‘$18 for a freakin’ beer?’: PGA Championship prices leave golf fans aghast
What’s the price of a good time? At the PGA Championship, you don’t even wanna know.
On Monday, the concession menu at Southern Hills made its way to social media, and its prices left golf fans dreaming of the days when a Georgia Peach Ice Cream Sandwich was the biggest of their golf concession-related problems.
On the grounds at Southern Hills, the beers are liquid gold … and priced like it. For the hop-minded fan, Michelob Ultra represents the far most egregious menu offense. At the PGA, a single, 24 oz. can retails for the nosebleed price of $18 — or $1 more than the cost of an 18-pack of Michelob Ultra at your nearest Target. For $19, fans can upgrade their beer selection to a Stella Artois of a similar size or a Mich Ultra organic hard seltzer.
Bargain shoppers will be excited to learn that for just $15, they too can own a 12-oz. Kona Big Wave or standard cocktail. Step that up to a “signature” or “souvenir” cocktail, however, and the cost returns once again to $19. Wine by the glass likely represents the best bang-for-buck, costing just $13.
In the opinion of this golf writer, it would be wise for the hangover-conscious to plot an alternative hydration strategy before arriving at the course. Bottles of Aquafina — the tournament’s official water — run at $6 a pop. (Expected temperatures for the weekend in Tulsa are in the upper-80s.)
Over on social media, the response was predictably cataclysmic. Golf Twitter stampeded over the news with the grace of a freight train.
“Whoa, those are airport prices,” a fan tweeted in response.
“How much does a ticket cost to get a $1.50 egg salad?” Another chimed in, referencing Augusta National’s famously cheap concession offerings.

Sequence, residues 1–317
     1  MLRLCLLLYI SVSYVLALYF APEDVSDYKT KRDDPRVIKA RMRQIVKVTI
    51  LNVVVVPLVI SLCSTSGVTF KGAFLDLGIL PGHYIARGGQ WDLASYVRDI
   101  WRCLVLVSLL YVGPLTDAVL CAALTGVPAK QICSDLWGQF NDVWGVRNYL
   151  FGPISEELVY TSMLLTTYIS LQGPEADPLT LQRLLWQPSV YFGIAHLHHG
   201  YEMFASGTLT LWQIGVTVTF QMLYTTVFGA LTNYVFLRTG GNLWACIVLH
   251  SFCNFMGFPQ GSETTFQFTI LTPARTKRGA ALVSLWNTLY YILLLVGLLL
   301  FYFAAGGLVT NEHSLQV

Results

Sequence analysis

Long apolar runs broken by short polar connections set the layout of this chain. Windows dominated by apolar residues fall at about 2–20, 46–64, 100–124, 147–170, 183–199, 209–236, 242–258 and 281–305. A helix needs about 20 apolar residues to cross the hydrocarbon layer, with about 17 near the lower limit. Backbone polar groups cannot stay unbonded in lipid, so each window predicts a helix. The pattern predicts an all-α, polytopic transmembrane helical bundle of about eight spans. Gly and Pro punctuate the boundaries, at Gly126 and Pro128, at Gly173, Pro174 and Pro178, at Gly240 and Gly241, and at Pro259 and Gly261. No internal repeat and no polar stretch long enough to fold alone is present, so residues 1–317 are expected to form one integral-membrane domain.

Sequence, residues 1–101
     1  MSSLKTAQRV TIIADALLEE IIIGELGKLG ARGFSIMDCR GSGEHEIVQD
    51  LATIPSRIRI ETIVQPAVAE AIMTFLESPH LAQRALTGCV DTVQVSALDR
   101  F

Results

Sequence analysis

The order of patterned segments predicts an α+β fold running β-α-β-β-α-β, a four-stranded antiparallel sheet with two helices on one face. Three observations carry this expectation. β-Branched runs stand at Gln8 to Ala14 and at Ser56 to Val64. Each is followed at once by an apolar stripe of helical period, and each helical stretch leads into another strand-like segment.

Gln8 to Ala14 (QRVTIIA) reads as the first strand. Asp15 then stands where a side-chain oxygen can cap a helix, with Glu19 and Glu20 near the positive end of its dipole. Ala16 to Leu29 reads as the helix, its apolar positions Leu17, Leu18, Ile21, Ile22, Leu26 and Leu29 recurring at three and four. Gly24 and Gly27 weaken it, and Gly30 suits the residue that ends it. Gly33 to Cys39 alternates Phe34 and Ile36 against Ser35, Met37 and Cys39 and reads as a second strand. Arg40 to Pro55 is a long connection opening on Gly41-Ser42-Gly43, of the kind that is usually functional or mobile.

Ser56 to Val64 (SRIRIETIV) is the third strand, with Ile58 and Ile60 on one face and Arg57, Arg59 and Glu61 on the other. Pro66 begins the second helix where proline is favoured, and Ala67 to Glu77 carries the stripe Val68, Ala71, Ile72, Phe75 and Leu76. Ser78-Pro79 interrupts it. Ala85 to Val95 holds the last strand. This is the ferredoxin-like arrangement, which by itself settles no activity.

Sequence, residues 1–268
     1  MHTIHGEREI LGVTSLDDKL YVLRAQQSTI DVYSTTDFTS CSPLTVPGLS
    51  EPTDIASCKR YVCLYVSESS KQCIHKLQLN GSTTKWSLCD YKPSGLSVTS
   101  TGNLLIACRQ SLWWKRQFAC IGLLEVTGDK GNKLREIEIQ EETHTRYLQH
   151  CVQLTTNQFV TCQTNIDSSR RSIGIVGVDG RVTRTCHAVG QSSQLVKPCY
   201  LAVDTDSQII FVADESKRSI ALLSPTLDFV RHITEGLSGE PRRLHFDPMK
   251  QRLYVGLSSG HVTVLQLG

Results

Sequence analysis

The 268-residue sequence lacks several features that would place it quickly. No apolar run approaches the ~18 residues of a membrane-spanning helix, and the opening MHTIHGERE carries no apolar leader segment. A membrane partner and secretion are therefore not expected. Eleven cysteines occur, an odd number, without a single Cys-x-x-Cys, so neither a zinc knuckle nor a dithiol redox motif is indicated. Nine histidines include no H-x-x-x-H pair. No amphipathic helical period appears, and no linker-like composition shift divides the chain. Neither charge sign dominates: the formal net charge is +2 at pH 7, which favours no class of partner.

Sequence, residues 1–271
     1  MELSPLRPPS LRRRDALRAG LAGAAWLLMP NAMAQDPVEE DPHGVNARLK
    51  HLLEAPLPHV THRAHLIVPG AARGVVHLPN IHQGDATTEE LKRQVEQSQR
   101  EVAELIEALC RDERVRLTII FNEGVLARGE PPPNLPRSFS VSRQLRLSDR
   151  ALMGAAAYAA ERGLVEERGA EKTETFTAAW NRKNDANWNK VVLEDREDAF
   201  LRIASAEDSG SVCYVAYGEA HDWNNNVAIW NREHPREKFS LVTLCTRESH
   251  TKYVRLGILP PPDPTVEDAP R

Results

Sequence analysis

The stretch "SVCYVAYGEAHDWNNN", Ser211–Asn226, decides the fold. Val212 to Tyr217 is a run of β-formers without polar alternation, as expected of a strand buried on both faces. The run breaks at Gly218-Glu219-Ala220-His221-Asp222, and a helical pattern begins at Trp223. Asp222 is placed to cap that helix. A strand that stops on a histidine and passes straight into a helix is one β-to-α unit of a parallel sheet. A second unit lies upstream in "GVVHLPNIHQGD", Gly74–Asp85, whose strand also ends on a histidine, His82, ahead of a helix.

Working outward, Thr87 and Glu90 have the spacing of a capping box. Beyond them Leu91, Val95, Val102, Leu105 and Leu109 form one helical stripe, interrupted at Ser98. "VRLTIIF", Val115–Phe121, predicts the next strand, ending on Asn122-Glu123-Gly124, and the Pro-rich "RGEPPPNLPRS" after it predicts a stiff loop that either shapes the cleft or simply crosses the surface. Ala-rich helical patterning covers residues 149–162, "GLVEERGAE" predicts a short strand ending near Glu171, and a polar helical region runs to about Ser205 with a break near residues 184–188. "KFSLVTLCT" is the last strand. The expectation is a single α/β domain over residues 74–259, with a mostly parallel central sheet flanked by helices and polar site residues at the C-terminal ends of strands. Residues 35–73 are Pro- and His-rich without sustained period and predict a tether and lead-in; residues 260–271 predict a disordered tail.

On Instagram, the response wasn’t much better.
“$18 for a freakin (sic) beer??????” Justin Thomas commented on one post. “What does it cure cancer or something!!????”
Back in reality, though, the cost wasn’t quite as egregious. Rather, it was a reflection of a growing trend of exorbitantly priced concessions at professional sports games. At this year’s Super Bowl, prices were only marginally cheaper ($17 for a draft beer and seltzer, $19 for a craft brew) than at the PGA. While the New York Islanders’ new arena, beers are $19, and cocktails stretch all the way to $25.
Sure, both of the aforementioned venues were located in major media markets (New York and Los Angeles), while this year’s PGA is being contested in Tulsa, Okla. But the point remains: the PGA Championship isn’t as much of an outlier as it appears in the world of professional sports concessions.
Of course, there’s still a conversation to be had about the morality of that decision. For fans paying close to $200 to attend a tournament in person, it feels exploitative to sling another $50 just to eat. And while it is the norm in pro sports, that doesn’t make it right.
This isn’t to specifically target the PGA of America, which didn’t respond to GOLF’s request for comment. Golf events across the country regularly see concession prices as high (or higher) than those at Southern Hills. Rather, it’s a reminder of who makes these tournaments what they are, and who is most adversely affected by these decisions: the fans.
Fans are the lifeblood of sports, as our sports’ stakeholders so frequently remind us. But when it comes to serving the most committed fans — the people willing to dedicate their time and money — our sports have a bad habit of seeing only dollar signs. Concessions are a piece of that, yes, but they’re far from the only thing.
Ultimately, it leaves us in an odd race to the bottom. Our sports charge more money, so they make more money, which drives more profits, which leads to … higher prices.
It’s good business, rest assured — so long as you don’t think about the price.